What Michelle is achieveing is very close to what he does, she has a small movement at the end to balance herself after the shot is released, Reidel has a more exeggerated movement because he has greater leg strength and more forward momentum. There more than one way to throw, I'm not going to tell Wilkins or Schult that they did it all wrong.

            On Brooses comment, I've been told fixed foot throwing won't get you as far as with a reverse, but you will be increadibly consistent. If you time your reverse wrong you lose loads of energy, if you time it right you should throw further.

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            • #7
              Re: Shot Put technique question

              Dyslexia always sets in when I'm tired. I should read before I post.

              Comment


              • #8
                Re: Shot Put technique question

                On what Tim said I use a reverse and I have had some problems with timing, I have been known to rush into a throw if that makes sense.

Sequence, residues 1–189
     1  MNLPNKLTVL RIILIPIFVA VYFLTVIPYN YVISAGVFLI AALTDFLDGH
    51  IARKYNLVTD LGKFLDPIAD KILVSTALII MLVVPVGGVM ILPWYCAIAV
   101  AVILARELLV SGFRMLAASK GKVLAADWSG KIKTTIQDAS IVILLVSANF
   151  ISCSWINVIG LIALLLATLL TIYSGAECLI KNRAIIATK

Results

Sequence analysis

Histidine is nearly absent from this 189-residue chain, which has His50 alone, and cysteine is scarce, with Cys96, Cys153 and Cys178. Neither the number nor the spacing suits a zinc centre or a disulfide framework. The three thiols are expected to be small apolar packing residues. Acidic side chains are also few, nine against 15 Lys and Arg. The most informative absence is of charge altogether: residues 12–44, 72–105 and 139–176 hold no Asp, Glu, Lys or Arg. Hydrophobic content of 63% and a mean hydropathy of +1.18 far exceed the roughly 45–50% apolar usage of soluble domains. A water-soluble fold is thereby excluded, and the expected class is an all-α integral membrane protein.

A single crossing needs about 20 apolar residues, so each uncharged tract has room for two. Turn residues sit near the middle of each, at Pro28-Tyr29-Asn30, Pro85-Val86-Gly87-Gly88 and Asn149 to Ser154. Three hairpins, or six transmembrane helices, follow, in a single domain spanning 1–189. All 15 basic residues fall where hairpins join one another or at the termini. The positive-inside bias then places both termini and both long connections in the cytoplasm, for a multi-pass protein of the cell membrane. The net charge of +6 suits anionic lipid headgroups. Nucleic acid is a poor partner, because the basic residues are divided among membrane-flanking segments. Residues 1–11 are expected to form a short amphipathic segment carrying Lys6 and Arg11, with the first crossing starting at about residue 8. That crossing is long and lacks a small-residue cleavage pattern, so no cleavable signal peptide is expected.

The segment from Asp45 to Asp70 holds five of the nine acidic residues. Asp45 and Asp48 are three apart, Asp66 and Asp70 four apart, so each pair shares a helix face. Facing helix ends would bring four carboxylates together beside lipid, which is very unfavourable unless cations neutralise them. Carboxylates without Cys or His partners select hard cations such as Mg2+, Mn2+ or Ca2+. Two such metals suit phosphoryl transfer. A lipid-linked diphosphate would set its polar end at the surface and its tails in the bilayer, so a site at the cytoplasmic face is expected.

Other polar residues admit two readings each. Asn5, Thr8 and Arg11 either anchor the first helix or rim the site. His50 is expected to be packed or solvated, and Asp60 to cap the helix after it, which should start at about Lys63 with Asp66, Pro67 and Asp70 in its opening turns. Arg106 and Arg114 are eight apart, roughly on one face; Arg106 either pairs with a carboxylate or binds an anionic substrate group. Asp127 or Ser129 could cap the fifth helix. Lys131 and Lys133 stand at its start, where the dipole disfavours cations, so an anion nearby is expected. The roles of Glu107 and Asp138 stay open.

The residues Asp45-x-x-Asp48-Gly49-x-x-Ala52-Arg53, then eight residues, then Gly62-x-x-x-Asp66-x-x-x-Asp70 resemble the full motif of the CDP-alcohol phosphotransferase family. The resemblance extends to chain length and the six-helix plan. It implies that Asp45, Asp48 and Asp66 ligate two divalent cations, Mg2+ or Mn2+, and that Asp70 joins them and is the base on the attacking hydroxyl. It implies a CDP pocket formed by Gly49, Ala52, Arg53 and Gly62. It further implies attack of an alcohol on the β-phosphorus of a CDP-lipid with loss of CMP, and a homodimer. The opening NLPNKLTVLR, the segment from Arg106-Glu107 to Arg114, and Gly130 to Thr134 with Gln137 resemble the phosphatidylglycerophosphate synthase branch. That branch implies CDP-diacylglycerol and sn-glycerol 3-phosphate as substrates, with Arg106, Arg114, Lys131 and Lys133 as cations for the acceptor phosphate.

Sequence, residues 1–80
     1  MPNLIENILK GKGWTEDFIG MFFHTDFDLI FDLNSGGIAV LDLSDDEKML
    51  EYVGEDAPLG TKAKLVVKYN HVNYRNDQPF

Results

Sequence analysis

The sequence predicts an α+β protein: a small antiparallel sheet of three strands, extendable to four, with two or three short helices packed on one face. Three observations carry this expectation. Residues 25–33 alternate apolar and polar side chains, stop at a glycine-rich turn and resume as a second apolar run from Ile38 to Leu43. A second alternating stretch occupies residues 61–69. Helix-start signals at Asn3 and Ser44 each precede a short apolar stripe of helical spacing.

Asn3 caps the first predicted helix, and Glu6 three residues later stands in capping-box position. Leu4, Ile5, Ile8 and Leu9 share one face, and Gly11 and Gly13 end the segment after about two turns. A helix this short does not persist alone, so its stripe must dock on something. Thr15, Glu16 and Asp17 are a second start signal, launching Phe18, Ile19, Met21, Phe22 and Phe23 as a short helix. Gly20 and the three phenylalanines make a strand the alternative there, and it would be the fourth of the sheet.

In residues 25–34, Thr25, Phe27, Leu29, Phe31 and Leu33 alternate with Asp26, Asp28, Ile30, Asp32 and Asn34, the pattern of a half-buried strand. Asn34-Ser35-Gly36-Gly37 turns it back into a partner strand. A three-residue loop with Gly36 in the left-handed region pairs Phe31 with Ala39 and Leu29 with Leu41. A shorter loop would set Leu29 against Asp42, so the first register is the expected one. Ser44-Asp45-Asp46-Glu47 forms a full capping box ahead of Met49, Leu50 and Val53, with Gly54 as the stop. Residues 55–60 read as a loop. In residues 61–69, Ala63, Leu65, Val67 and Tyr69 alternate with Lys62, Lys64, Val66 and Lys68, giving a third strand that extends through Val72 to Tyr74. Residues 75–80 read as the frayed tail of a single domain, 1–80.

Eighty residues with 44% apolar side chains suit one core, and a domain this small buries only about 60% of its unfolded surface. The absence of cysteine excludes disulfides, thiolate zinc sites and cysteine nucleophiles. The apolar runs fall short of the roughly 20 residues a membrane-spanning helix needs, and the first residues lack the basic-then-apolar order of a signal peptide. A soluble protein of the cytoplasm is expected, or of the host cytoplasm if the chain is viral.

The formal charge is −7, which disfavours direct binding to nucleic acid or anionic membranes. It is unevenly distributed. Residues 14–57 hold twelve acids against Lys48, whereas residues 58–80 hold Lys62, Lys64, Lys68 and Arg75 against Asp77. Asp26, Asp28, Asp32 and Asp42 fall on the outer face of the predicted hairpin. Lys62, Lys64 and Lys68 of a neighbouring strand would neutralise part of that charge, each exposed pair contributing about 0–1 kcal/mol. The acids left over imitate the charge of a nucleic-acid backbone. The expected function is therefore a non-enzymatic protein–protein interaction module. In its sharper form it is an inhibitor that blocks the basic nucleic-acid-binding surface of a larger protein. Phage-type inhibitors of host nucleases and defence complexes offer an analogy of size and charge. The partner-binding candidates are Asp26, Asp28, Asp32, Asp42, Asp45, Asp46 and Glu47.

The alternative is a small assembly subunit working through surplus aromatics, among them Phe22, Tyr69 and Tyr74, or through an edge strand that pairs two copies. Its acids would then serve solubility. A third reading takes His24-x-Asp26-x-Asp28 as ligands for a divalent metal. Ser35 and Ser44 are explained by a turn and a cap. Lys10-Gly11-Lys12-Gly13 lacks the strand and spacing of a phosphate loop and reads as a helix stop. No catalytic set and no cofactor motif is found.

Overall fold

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                • #9
                  Re: Shot Put technique question

                  I believe that in the Shot and Discus you reverse when your momentum and techniques demand it ... I would not reverse just to reverse ... when performing a standing throw I would rarely reverse because you would not have built up much speed ... blocking is vital.

                  I also think that all throwers should be able to throw with 'fixed-feet' at least as a drill ... when attempting a fixed-feet throw you can often reveal some other techniques problems you may be having ... especially balance in the Discus.

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                  • #10
                    Re: Shot Put technique question

                    Tim - I looked at the Riedel video (thanks) and I am stupified (not hard to do) as to how little effort Riedel looks like he's producing. It literally looks like a first warmup toss just to get the ol' muscles loosened up. I remember the Powell/Wilkins wars and they looked like runaway freight trains in the ring. Is that really R's style? Someone give that boy a Jolt Cola.

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                    • #11
                      Re: Shot Put technique question